New DOL Rule Makes Significant Increase to PERM and H-1B Wage Minimums

Both the Department of Homeland Security (DHS) and the Department of Labor (DOL) released new rules last week, raising prevailing wages for high-skilled foreign workers and revising the definition of a “specialty occupation” for H-1B purposes. Both of the new regulations adversely affect U.S. employers and potentially reduce opportunities for the high-skilled talent they need.

The DOL rule became effective immediately. Under the rule, the new wages will dramatically impact the H-1B and permanent labor certification (PERM) programs, increasing prevailing wage levels 1 to 4 by up to 26% of surveyed wages for H-1B and E-3 visas, as well as for I-140s. All wage determinations made by the DOL starting October 8, 2020, now fall under this new regulatory framework.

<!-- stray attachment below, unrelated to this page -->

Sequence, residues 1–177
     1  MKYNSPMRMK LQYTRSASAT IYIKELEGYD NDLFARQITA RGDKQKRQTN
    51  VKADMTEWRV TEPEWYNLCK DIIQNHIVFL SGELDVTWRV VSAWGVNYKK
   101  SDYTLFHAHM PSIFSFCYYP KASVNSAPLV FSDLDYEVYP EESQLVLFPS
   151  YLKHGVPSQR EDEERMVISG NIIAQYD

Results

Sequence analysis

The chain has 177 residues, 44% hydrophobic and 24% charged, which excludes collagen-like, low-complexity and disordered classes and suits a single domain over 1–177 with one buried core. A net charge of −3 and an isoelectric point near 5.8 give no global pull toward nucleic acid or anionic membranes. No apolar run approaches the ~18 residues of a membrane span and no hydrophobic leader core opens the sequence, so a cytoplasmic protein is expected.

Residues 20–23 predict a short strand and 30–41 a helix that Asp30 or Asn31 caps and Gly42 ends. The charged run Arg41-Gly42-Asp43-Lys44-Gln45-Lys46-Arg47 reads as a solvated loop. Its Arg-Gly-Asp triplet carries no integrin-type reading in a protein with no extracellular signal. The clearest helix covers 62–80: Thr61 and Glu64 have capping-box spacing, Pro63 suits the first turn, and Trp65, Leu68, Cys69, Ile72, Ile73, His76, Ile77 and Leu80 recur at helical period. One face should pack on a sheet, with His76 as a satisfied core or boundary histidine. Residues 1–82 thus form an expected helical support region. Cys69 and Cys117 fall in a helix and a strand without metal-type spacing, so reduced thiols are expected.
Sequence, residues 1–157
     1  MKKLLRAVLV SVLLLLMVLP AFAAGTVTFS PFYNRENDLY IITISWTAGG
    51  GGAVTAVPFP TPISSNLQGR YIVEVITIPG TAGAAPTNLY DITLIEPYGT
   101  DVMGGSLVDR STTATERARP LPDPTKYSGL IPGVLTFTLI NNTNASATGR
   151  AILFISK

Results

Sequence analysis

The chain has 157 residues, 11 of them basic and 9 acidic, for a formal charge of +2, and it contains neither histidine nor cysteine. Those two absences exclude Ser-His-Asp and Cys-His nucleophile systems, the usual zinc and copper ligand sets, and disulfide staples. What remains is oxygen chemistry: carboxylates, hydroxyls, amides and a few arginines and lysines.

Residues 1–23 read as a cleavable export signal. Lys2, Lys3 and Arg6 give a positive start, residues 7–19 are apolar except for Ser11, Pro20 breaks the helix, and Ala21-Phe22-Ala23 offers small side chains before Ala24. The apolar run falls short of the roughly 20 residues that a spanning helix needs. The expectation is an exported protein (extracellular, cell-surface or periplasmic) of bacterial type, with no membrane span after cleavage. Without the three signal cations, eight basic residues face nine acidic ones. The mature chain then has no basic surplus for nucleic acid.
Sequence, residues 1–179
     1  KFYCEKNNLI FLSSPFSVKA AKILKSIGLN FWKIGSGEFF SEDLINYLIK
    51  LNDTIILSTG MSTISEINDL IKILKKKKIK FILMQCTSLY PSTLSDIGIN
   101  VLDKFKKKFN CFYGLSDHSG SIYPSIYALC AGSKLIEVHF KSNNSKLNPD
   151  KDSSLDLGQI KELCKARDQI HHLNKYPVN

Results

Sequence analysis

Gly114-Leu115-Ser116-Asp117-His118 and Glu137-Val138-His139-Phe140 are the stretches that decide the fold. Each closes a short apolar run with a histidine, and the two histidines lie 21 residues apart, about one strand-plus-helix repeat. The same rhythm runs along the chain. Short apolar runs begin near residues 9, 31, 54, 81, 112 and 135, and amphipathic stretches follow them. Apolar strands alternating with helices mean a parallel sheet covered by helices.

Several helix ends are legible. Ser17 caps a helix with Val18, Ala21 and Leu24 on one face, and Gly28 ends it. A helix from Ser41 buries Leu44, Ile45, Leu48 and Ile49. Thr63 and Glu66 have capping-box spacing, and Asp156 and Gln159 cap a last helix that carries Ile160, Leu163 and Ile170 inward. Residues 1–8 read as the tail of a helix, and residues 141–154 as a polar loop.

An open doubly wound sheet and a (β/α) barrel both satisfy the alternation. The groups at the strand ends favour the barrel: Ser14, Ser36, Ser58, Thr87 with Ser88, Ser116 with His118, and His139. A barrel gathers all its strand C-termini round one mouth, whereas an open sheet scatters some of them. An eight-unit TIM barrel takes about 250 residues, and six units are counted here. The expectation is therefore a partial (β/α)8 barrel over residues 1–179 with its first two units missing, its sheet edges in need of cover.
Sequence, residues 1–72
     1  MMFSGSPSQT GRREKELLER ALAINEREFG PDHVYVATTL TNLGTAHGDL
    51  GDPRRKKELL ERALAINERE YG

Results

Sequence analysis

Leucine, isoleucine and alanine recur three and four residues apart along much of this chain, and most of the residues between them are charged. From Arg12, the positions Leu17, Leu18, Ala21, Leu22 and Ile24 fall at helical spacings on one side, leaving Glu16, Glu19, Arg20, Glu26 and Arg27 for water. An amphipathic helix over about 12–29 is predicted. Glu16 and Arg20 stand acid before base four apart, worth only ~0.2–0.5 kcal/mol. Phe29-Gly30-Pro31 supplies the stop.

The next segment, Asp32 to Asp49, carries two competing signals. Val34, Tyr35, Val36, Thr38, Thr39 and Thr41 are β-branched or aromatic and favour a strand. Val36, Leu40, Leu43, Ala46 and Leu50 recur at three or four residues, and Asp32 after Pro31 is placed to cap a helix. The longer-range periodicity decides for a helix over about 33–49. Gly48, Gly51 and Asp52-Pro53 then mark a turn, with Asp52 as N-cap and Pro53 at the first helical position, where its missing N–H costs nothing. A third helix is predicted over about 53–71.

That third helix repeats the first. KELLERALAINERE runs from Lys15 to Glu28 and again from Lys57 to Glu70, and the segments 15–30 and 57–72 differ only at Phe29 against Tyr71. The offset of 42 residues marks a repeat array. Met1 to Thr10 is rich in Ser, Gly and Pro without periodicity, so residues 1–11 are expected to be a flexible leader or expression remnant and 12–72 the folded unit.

The DHS regulations are scheduled to have a 60 day delayed effective date. DHS stated that the regulation revises the regulatory definition for a “specialty occupation” for H-1B purposes, which is the most common way professional workers obtain work authorization in the U.S. The rule will:

  • Narrow the definition of “specialty occupation”, including requiring a direct relationship between the required degree field(s) and the duties of the position. The petitioner must demonstrate a direct relationship between the required degree in a specific specialty and the duties of the position.
  • Require companies to make “real” offers to “real employees” by closing loopholes and preventing the displacement of the American worker; and,
  • Enhance DHS’s ability to enforce compliance through worksite inspections and monitor compliance before, during, and after H1-B approval.

While both rules are likely to be subject to be challenged, they may impact your foreign employees. For further questions on how these new regulations may impact your workforce, please reach out to Liz Dinnen, Manager, Immigration Services, at